World of Darkness is CCP's bid for the MMO mainstream

CCP Games knows EVE Online isn't friendly to new players. The company explains how tempering emergent sandbox gameplay could attract the mainstream to World of Darkness.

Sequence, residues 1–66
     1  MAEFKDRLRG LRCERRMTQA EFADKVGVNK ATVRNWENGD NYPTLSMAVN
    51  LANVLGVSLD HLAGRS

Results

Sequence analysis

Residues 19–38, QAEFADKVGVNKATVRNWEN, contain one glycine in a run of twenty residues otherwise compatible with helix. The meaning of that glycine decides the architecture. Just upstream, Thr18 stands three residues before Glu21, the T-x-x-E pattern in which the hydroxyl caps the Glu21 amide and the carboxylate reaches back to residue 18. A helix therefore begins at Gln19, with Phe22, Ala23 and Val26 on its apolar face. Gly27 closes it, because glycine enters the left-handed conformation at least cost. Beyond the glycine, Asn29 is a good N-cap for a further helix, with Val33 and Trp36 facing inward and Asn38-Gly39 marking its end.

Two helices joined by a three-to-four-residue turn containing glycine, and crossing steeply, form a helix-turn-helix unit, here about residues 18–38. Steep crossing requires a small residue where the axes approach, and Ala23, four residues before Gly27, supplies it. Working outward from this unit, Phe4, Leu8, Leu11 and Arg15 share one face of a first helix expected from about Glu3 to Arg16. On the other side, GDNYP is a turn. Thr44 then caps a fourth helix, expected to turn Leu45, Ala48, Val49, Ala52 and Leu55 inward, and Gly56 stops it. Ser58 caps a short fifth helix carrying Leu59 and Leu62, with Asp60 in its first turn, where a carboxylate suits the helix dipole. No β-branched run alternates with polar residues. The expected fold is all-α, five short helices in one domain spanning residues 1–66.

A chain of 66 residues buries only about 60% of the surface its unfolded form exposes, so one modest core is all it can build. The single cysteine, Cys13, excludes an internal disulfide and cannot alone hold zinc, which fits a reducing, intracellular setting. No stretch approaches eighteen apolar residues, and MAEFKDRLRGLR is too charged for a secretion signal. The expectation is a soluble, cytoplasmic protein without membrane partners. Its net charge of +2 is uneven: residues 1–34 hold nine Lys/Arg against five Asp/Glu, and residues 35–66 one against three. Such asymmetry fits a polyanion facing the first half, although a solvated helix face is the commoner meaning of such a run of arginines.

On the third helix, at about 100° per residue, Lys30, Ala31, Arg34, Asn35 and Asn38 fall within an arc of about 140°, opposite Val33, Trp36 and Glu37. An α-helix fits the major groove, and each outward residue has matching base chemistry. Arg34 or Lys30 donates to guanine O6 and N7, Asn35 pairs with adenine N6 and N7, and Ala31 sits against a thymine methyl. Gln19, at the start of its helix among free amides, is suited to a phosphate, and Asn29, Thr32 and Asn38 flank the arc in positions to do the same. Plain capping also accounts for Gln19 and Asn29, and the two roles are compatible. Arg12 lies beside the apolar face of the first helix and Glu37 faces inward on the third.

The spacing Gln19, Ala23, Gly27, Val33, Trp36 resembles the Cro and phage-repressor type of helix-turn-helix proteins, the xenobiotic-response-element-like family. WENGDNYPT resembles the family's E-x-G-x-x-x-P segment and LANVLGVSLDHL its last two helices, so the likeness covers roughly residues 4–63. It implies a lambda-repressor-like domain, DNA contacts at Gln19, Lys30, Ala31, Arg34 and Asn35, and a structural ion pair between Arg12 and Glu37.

CCP Games, the Reykjavik, Iceland-headquartered developer of the space-faring MMO EVE Online, has rooted its success in a clear game design goal: to provide full sandbox gameplay designed to empower players to create emergent situations. Now the company will use that design principle with its upcoming World of Darkness MMO. In development in its Atlanta, GA studio, and based on the White Wolf tabletop role playing IP of the same name, the game is headed up by creative director Reynir Hardarson (pictured). While MMOs typically promise players virtually limitless possibilities to explore and interact, there's a streak of linearity and hand-holding that is prevalent in MMO design. Hardarson suggests a few theories about why other developers don't follow in EVE's footsteps in providing more opportunities for emergent gameplay. "Designing for emergence is very difficult because you can't test it," says Hardarson. "But it's extremely fun to design this way, because you design for theory. You can't test it. The market can test it." "We feel we've discovered some design principles which aid us in this quest. Because of this ability we have for EVE, it sometimes feels like we're kind of aliens in the industry," he half-jokes. Hardarson and his boss, CCP CEO Hilmar Veigar Petursson, don't have much time for other developers' MMOs. Petursson accuses them of making "massively single player" games. "All to control the content and the narrative, and not embracing that people want to play together, which is what we strive for in EVE," he says. "When I played Warhammer, I ragequit," Hardarson admits. Mainstream MMO design is about doling out hand-crafted content -- "like, here's a cookie, and all that" -- on a linear path. He wants to explore. "I'm not a five-year-old. If I want to go in the cave and I want to die, that's my problem." Hardarson describes the World of Darkness MMO as "a sandbox very much inspired by EVE." "We really relinquish a lot of power to the players because we believe in emergence; the most powerful positions in the game are populated by real players," he says. It's not just EVE that is an influence on the game's direction, though -- the live action role players of the Vampire the Masquerade tabletop game play this way, he says. "It's really about politics and power plays," says Hardarson. "It's not a coincidence we merged With White Wolf games." Still, he recognizes, "You cannot go pure sandbox all the way." This is something EVE has struggled with; while it does grow, it hasn't attracted a mainstream MMO audience due to its difficulty, complexity, and "learning cliff" new player experience. "The problem with pure sandbox is you are limited to the hardcore," says Hardarson. And the company had to abandon or severely downscale its plans to add new player-friendly PvE content into the game after its existing player base revolted. Clearly, the developers see World of Darkness as a chance to advance these same goals in a fresh context. "Our position is that this [type of gameplay] is a really positive thing, and if you go there you'll maybe have an enjoyable experience, but it's kind of like this nebulous thing, really. 'What is it that I'm going to do?' We want to drag you into it," he says. The way to drag people in will be traditional "theme park" style PvE play, he suggests. Once players get into the setting, they'll see the appeal of the sandbox play. The game will have purely social play, too. "Having friends, knowing people, doing favors, gives you power in the game. You can play just socially and you can progress," says Hardarson. "You don't even have to play the game," he says. And "if you want to play the PvE, you can do that all you want," he says. But when it comes to the emergent, backstabbing sandbox play that powers EVE's success, "We will entice you to join -- there is pressure on everyone, because everyone's valuable," says Hardarson.

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